This week, people continued to ask: is this the health insurance change we've been waiting for? Having had nearly four years to prepare, the Obama administration continued to deal with the embarrassing, high-glitch, low-enrollment rollout of Obamacare. On Thursday, the president announced a feeble fix, allowing people to keep existing plans for a year, and admitted, about his "you can keep it" promise: "that's on me... we fumbled the rollout." Trying to pounce on the fumble was the GOP-led House, which on Friday passed its own "fix" -- one that would essentially kneecap the law. Of course, it is the shockingly inept rollout that makes the Affordable Care Act vulnerable to such bogus "reforms." The mystery is why Obamacare wasn't entrusted to the same tech wizards responsible for the state-of-the-art Obamacampaign. Odds are you won't hear the president rallying the nation around "the fierce urgency of a fully functioning website by the end of the month," but that's the make-or-break moment the White House is now facing. Hope, indeed.
President Obama's recent festival of apologies over the bumpy start to healthcare.gov underlines why it's important to know and manage the more typical reasons leaders fall down.
You're enjoying the problems? Really? ...
After pointing out one story which was strangely ignored in the pile-on in the media this week, it seems the profits for the company contracted to build the Obamacare site are way up. How nice for them, eh? Sigh.
Obama is not leaving the pivots to the players on the court. Instead, he continues to make half-hearted "pivots" to the economy at a time when Americans are struggling to find full-time work and are dealing with the disastrous rollout of Obamacare.
The media has been far, far too negative about Obama. Yes, he has problems he must deal with, but the fix is in, and the comeback will soon begin, and the House GOP wallows at 9 percent popularity while the GOP civil war has only begun.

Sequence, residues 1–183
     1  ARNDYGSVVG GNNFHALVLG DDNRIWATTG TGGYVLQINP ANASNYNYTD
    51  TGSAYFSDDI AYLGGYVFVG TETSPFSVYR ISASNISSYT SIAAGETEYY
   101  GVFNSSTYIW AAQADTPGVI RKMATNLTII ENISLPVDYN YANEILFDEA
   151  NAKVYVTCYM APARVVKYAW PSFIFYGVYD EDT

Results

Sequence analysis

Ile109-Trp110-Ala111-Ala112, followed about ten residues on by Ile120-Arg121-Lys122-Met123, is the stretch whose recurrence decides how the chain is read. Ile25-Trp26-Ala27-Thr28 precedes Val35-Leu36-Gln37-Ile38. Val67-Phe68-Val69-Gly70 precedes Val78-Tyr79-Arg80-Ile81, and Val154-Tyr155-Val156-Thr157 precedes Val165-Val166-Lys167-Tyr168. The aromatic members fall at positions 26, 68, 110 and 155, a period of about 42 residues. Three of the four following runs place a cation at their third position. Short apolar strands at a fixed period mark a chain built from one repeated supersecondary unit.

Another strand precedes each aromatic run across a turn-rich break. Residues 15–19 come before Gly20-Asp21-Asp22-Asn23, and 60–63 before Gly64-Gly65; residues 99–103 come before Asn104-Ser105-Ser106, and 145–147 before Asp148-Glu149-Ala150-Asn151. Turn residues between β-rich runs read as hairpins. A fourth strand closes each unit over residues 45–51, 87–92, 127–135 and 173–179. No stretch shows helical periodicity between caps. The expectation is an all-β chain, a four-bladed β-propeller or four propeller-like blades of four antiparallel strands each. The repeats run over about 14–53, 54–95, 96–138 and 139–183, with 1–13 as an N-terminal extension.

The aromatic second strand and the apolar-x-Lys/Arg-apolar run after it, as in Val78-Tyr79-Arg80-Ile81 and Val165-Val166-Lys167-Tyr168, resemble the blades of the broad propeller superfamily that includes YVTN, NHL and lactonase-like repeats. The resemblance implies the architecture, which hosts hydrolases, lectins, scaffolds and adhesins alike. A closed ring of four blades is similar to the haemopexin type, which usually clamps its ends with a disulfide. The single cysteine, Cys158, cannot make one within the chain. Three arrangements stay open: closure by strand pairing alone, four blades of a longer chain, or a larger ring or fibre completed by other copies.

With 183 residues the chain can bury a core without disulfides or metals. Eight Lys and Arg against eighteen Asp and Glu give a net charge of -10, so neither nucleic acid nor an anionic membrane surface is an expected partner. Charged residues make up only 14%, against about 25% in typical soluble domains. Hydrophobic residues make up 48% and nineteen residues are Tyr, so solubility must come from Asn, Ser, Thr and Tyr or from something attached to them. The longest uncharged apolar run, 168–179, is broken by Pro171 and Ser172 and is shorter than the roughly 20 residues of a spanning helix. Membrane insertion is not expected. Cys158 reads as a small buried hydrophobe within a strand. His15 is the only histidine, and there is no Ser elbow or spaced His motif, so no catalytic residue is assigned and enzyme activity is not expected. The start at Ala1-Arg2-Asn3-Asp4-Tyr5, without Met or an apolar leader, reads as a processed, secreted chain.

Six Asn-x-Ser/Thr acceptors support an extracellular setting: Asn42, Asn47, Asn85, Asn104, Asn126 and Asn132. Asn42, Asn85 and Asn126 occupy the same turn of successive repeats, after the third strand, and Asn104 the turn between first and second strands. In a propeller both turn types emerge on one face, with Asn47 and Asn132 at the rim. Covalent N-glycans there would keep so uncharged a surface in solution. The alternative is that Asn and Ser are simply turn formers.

More broadly, for Latinos across this country, immigration reform is a touchstone issue, and has become less about the impact to their own families and more a proxy for how they're treated -- respected -- in the U.S.
We were once a country that wasn't scared to do the big things, weren't we?
If the sanctions can successfully be paused, the next battle looms: Will Congress be able to accept a good deal that puts constraints on Iran's nuclear program to protect against weaponization in exchange for sanctions relief?
PRESIDENT OBAMA: Thank you. It's been six weeks since the Patient Protection and Affordable Care Act's new marketplace has been open for business. A...
"We're just gently nudging younger people into seeing how beneficial the new health care system is," says Health and Human Services/Biological Havoc spokesperson Alan Kollop.
The damage to the average citizen's barely tepid faith in the government's ability to deliver on its promises has taken yet another blow to the body public. It's no wonder we're all disappointed.
Public Citizen has released a chilling report revealing that the 485-mile KXL southern line is plagued by dents, faulty welding, exterior damage that was patched up poorly and misshapen bends, among other troubling anomalies.
Bad polling numbers in the middle of a president's second term are not devastating or even very unusual, but they also cannot be ignored.
The 12-day United Nations Climate Change Conference, which aims to forge an agreement to cut climate-altering greenhouse gas emissions, began in Warsaw, Poland, this week. The goal set by the U.N.: limit warming to 2 degrees Celsius over pre-industrial levels.
I have yet to find the words to describe the overwhelming sense of satisfaction I felt on Nov. 4, 2008 when Obama won the popular vote by 53 percent. ...